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Innovation

Two bars at home; three at work. Wireless coverage data is going granular

Say goodbye to those no-help coverage maps that the wireless carriers use to show you how great their coverage is from one coast to the other. So hello to granular maps, those that measure the true signal as well as the actual data coverage down to the Google Maps street level.
Written by Sam Diaz, Inactive on

Say goodbye to those no-help coverage maps that the wireless carriers use to show you how great their coverage is from one coast to the other. So hello to granular maps, those that measure the true signal as well as the actual data coverage down to the Google Maps street level.

CNET today is launching Root Coverage, a service with partner Root Wireless to offer an up-close look at actual coverage in eight key U.S. markets: New York, Los Angeles, San Francisco Bay Area, Seattle, Chicago, Washington DC and Orange County, Calif.

Root Wireless data gives a glimpse of A&T coverage near downtown San Jose. Notice that red represents poor coverage. A dead zone would be black.

On the surface, this type of data finally empowers the consumer to judge the carriers based on close-up data about the service but it does more than that. It holds the carriers accountable for the promises they make about coverage.

A CNET poll found that 26 percent of the respondents had returned a cell phone due to poor service while 45 percent said there wasn't enough information available about service quality when making a cell phone purchase decision. Nearly half are considering switching service providers with the next cell phone purchase.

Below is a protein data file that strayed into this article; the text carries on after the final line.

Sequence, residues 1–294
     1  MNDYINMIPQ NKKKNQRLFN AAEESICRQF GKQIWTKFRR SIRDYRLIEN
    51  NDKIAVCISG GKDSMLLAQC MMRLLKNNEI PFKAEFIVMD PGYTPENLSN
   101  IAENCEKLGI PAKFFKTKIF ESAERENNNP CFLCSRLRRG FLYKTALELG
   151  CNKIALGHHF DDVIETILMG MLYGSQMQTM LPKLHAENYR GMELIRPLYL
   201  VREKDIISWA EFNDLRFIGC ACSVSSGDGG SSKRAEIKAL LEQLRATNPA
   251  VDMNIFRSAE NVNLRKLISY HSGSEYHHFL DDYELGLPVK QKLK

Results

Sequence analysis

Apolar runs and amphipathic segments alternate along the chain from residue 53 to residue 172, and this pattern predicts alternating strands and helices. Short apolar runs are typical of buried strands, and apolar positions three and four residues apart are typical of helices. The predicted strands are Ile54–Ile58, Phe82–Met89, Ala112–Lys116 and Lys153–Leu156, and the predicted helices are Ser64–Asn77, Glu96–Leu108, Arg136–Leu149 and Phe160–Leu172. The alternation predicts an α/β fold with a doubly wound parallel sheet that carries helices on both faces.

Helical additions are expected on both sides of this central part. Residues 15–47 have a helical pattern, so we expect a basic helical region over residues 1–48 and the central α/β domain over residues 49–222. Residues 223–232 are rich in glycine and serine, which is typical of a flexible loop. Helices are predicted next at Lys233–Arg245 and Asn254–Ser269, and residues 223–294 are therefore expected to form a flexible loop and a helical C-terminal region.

But what about the areas that are outside of the big cities? What if you live in work in a suburb of Atlanta or Boise or Des Moines? Well, there will soon be an app for that - and by downloading and installing it on your device, you could become part of the solution to the problem.

In the next month or so, Root Wireless will launch a beta program that allows owners of Blackberry, Android and Windows Mobile devices (iPhone in the works) to run a background app that reports actual signal strength from the device into a greater Root Wireless database. (If you want to be a part of this beta program, it's as easy as sending an email to info@rootwireless.com)

Eventually, that program will be extended to other devices, a critical piece of information because that further extends the database to give readings by not only carrier but also device. Widespread rollout of the app program is expected late this year or early next year.

So, yes, eventually you'll be able to determine whether the iPhone on AT&T or Verizon or an Android device on Sprint or T-Mobile offers the better service for your locations. In fact, the data can be sliced and diced so many different ways that the execs at Root Wireless say there's a lot of stuff in the works. The one I like is where you pinpoint some spots on a map - maybe your commute route, home, work, your favorite hangouts and maybe even Grandma's house in another town. Based on that information, the data would be able to "score" the carriers for you to let you know which is best.

Finally, this is technology that's going to change the way we purchase - and complain about - cell phone service. Maybe, with this information, consumers will do what I've been suggesting for years now: shop the service, not the phone.

Also see: CNET to add phone service data to handset reviews

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